Cover image for Dr. Folkman's war : angiogenesis and the struggle to defeat cancer
Dr. Folkman's war : angiogenesis and the struggle to defeat cancer
Cooke, Robert, 1935-
Personal Author:
First edition.
Publication Information:
New York : Random House, [2001]

Physical Description:
xiv, 366 pages, 8 unnumbered pages of plates : illustrations, portraits ; 25 cm
General Note:
Includes index.
Personal Subject:
Format :


Call Number
Material Type
Home Location
Central Library RC271.N46 C66 2001 Adult Non-Fiction Central Closed Stacks

On Order



In 1961, twenty-eight-year-old Dr. Judah Folkman saw something while doing medical research in a United

States navy lab that gave him the first glimmering of a wild, inspired hunch. What if cancerous tumors, in order to expand, needed to trigger the growth of new blood vessels to feed themselves? And if that was true, what if a way could be found to stop that growth? Could cancers be starved to death? Dr. Folkman had ample reason to be self confident -- second in his class at Harvard Medical School, he was already considered one of the most promising doctors of his generation. But even he never guessed that his idea would eventually grow into a multibillion-dollar industry that is now racing through human trials with drugs that show unparalleled promise of being able to control cancer, as well as other deadly diseases.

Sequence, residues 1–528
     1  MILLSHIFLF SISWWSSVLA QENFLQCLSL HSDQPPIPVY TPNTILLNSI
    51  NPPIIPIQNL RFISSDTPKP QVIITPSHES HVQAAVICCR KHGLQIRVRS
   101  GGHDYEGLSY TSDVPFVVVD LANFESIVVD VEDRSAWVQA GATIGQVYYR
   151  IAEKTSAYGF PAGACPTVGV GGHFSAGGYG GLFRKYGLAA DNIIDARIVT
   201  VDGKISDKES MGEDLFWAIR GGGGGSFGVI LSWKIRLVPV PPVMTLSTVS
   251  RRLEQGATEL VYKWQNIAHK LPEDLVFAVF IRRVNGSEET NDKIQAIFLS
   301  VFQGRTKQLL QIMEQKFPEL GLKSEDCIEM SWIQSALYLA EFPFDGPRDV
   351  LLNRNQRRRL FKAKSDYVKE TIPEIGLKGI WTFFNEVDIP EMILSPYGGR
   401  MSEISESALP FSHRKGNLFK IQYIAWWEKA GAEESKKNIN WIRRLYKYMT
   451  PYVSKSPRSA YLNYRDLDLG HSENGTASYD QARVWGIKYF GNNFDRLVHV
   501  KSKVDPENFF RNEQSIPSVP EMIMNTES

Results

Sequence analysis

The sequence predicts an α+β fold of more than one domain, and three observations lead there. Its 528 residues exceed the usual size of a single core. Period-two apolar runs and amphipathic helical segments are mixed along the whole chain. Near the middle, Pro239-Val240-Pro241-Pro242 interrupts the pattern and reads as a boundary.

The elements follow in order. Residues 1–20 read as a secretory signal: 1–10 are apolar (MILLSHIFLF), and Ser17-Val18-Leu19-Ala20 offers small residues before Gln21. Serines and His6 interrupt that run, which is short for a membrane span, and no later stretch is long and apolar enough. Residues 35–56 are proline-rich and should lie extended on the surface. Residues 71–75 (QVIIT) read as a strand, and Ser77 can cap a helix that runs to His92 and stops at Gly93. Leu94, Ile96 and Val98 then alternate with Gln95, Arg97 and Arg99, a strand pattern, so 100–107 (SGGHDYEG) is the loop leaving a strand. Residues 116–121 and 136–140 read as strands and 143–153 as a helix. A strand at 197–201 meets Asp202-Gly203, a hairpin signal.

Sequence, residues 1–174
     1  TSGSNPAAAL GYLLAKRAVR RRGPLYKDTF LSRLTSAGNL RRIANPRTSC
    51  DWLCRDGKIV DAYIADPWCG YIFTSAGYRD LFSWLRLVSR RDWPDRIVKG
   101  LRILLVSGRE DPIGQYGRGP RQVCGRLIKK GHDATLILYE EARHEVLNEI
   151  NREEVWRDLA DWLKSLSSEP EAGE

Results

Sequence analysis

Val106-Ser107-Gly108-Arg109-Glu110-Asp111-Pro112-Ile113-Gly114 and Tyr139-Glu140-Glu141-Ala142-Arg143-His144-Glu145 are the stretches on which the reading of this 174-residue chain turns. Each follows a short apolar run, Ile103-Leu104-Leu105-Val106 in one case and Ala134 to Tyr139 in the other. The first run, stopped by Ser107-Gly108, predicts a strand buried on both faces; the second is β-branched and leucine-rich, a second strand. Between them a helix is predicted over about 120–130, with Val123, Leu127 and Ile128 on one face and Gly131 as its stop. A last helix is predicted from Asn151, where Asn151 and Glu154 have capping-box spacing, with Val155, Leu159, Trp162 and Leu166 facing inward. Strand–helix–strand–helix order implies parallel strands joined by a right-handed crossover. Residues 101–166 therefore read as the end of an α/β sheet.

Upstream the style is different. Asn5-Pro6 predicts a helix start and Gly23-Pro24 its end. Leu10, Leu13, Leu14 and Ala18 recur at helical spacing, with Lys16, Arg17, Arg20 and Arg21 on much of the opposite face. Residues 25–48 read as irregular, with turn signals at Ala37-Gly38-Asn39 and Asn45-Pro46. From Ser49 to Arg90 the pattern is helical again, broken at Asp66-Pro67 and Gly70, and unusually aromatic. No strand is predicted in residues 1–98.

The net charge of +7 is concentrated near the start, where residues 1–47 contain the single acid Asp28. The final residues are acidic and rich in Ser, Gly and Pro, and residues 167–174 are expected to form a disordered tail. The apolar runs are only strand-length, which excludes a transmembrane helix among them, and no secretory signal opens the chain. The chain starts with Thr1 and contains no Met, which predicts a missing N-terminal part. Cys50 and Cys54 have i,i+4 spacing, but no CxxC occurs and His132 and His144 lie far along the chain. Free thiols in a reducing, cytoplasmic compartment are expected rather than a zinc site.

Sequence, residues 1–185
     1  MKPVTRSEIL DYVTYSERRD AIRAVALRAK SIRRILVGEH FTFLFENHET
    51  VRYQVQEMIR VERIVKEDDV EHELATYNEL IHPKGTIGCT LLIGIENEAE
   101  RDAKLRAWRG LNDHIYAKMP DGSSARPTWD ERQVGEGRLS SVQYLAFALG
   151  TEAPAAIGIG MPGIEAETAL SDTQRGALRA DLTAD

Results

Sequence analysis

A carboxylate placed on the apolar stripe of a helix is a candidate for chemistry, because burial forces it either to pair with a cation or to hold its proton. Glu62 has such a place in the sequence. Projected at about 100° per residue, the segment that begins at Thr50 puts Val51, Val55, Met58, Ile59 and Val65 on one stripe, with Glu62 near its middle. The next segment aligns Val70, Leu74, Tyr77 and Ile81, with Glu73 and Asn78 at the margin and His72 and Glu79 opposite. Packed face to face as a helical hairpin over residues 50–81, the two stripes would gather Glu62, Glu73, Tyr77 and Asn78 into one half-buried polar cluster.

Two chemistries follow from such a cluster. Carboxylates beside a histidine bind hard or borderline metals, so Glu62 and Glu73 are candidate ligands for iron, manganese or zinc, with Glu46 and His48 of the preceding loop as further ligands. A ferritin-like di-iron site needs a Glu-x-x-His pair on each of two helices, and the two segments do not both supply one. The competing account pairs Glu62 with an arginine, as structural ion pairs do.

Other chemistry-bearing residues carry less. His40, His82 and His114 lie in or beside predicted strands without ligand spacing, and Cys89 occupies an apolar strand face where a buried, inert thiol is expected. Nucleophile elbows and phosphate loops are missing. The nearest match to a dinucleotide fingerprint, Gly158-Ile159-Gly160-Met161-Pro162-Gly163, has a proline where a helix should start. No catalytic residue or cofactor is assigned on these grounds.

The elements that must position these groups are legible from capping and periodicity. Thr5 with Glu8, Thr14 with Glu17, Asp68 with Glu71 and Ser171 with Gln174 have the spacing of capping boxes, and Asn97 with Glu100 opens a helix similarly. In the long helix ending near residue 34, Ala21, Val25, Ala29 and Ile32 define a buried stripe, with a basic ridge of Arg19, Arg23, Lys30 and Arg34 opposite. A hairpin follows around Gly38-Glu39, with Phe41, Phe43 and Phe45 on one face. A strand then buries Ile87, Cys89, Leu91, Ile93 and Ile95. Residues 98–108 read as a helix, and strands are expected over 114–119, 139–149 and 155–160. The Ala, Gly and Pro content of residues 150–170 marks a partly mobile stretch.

For the creation of this book, Dr. Judah Folkman cooperated fully and exclusively with acclaimed science writer Robert Cooke. He granted Cooke unlimited interviews, showed him diaries and personal papers, and threw open the doors of his lab. The result is an astonishingly rich and candid chronicle of one of the most significant medical discoveries of our time and of the man whose vision and persistence almost single-handedly has made it possible.

Dr. Folkman's radical new way of thinking about cancer was once considered preposterous. So little was known about how cancer spreads and how blood vessels grow that he wasn't even taken seriously enough to be considered a heretic. Other doctors shook their heads at the waste of a great mind, and ambitious young medical researchers were told that accepting a position in Folkman's lab would be the death of their careers. Now, though, the overwhelming majority of experts believes that the day will soon come when antiangiogenesis therapy supplants the current more toxic and less-effective treatments -- chemotherapy, radiation, and surgery-as the preferred method of treatment for cancer in patients around the world, and Dr. Folkman's breakthrough will come to be taken for granted the way we now take for granted the polio vaccine and antibiotics.

Dr. Folkman's War brilliantly describes how high the odds are against success in medical research, how vicious the competition for grants, how entrenched the skepticism about any genuinely original thinking, how polluted by politics and commerce the process of getting medicine into patients' hands. But it also depicts with rare power how exalted a calling medicine can be and how for the rare few--the brilliant, the tireless, and the lucky -- the results of success can be world-changing.

Author Notes

Robert Cooke has spent thirty-five years covering science and medicine for major newspapers, including The Boston Globe, The Atlanta Journal, The Atlanta Constitution, and, now, Newsday